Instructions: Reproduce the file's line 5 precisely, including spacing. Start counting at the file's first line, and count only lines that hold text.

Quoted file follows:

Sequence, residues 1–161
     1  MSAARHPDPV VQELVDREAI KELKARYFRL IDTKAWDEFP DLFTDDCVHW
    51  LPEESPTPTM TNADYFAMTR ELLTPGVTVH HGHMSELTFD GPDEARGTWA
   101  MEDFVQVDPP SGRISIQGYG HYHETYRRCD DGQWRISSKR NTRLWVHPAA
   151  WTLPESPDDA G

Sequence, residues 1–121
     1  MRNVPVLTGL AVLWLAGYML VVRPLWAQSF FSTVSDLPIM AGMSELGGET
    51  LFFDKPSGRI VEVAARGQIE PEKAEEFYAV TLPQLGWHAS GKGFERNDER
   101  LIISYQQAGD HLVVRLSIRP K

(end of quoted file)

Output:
   151  WTLPESPDDA G